A published author, she completed a series of three volumes chronicling New Brunswick’s shipbuilding history. Her other book, Songs of the Miramichi, is a comprehensive collection of the region’s folksongs.
In 1966, she was honoured by the American Association for State and Local History for her work as a historian and folklorist. She received the “Woman of the Century” medal from the National Council of Jewish Women of Canada in 1967. Additionally, the province of New Brunswick named a mountain in Northumberland County “Manny Mountain” after her.
Ian Gordon, Winter 2008
St. Thomas University
Bibliography of Primary Sources
Gallien, Arthur. History of Neguac. Trans. Louise Manny. Newcastle, NB: Miramichi Historical Society, n.d.
Manny, Louise. "The Ballad of Peter Amberley." Atlantic Advocate 53:11 (1963): 67-74.
---. Folksong Radio Program. Maritime Broadcasting System. CKMR, Newcastle. Nov. 1949–July 1965.
---. “From Miramichi to Fredericton: A Gleaner Story.” Atlantic Advocate 58:1 (1967): 22-27.
---. “The Old Songs.” Daily Gleaner 28 Sept. 1951: 15.
---. “Scenes From an Earlier Day” Union Advocate. 1935–1945.
---. Shipbuilding in Bathurst. Fredericton, NB: Brunswick Press, 1965.
---. Ships of Kent County, New Brunswick: A Partial List of Vessels Built in Kent County. Sackville, NB: Tribune Press, 1949.
---. Ships of Miramichi: A History of Shipbuilding on the Miramichi River, New Brunswick, Canada, 1773–1919. Historical Studies 10. Saint John, NB: New Brunswick Museum, 1960.
Manny, Louise, and James Reginald Wilson. Songs of Miramichi. Fredericton, NB: Brunswick, 1968.
Parker, Hedley. Miramichi Poet: Six Poems. Ed. Louise Manny. Saint John, NB: New Brunswick Museum, 1947.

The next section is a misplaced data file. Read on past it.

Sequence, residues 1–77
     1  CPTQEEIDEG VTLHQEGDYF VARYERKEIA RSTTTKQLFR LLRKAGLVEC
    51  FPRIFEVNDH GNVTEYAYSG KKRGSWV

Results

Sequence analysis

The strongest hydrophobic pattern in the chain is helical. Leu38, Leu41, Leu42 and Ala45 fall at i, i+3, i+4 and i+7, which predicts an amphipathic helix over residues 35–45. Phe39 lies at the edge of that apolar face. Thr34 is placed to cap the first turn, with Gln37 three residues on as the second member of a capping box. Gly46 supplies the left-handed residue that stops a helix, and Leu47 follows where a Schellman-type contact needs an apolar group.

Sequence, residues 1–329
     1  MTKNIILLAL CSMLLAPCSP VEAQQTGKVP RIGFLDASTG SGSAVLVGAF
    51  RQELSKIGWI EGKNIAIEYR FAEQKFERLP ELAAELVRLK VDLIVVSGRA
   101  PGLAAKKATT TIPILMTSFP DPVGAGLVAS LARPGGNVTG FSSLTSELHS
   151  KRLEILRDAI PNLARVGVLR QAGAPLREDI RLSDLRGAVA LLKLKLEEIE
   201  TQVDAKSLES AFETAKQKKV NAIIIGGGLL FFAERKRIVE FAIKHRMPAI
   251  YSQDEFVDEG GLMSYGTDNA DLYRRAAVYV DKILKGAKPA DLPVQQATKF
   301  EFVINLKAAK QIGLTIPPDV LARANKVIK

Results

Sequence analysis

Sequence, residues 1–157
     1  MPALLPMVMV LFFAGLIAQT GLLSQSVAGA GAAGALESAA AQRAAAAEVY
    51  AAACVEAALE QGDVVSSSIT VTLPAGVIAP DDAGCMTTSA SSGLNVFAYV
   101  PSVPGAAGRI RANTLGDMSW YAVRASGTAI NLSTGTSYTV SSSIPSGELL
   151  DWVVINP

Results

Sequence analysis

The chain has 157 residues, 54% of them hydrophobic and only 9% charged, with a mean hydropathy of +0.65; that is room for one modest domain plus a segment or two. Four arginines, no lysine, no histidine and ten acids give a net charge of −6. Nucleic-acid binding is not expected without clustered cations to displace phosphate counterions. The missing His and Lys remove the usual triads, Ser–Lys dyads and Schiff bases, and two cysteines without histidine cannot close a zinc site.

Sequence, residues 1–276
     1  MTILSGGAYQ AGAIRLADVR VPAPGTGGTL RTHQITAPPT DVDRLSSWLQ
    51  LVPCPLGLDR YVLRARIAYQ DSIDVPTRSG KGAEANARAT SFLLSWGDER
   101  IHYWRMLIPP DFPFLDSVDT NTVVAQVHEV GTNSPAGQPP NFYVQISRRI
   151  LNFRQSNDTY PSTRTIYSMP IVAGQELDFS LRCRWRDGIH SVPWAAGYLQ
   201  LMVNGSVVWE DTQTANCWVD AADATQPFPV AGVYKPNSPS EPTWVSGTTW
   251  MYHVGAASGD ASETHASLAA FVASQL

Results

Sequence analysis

Bibliography of Secondary Sources
Creighton, Helen. “Manny, Louise.” The Canadian Encyclopedia. 2 July 2007. Historica Canada. 21 Nov. 2008
Doyle, Arthur T. Heroes of New Brunswick. Fredericton, NB: Brunswick Press, 1984.
Hamilton, W.D. Dictionary of Miramichi Biography. N.p.: Hamilton, 1997.
Quinn, Shawna. “Dr. Louise E. Manny.” Progress and Permanence: Women and the New Brunswick Museum: 1880–1980. 2006. U of New Brunswick. 20 Nov. 2008.
Steiner, Margaret. “Regionalism, Revival and the Reformation of Community at the Miramichi Folksong Festival.” Love and Language 12 (1994): 241-52.
“Women Folklorists.” Maine Folklife Center. U of Maine. 19 Nov. 2008
Songs in Manny Louise's Collection
Dornan, Angelo. "Pretty Susan.” Miramichi Folksong Festival. Elgin, Albert County, 1959.
Duplessis, George E. “The Jam on Gerry's Rock.” North Shore Construction Company Collection. Eel River Bridge, 1950.
Hare, Marie. “Round Her Mantle So Green.” Miramichi Folksong Festival. Strathadam, 1959.
Holland, John. “The Pride of Glencoe.” Miramichi Folksong Festival. Glenwood, 1958.
MacDonald, Donald. “Jeremiah of Bartibogue.” Lord Beaverbrook Collection. Black River Bridge, 1948.
MacDonald, Wilmot. “The Lumberman's Alphabet.” Lord Beaverbrook Collection. Glenwood, 1947.
---. “Peter Emberley.” Lord Beaverbrook Collection. Glenwood, 1947.
McMahon, Fred. “Howard Carey.” Lord Beaverbrook Collection. Chatham, 1948.
---. “The Scow on Cowden Shore.” Lord Beaverbrook Collection. Chatham, 1948.